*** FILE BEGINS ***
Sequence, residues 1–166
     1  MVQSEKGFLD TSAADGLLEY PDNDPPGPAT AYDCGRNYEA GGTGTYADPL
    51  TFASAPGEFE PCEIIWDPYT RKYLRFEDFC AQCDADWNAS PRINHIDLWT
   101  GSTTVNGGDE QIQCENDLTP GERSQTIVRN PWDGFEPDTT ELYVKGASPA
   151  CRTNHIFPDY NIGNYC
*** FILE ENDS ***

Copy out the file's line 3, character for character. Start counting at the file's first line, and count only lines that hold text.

    51  TFASAPGEFE PCEIIWDPYT RKYLRFEDFC AQCDADWNAS PRINHIDLWT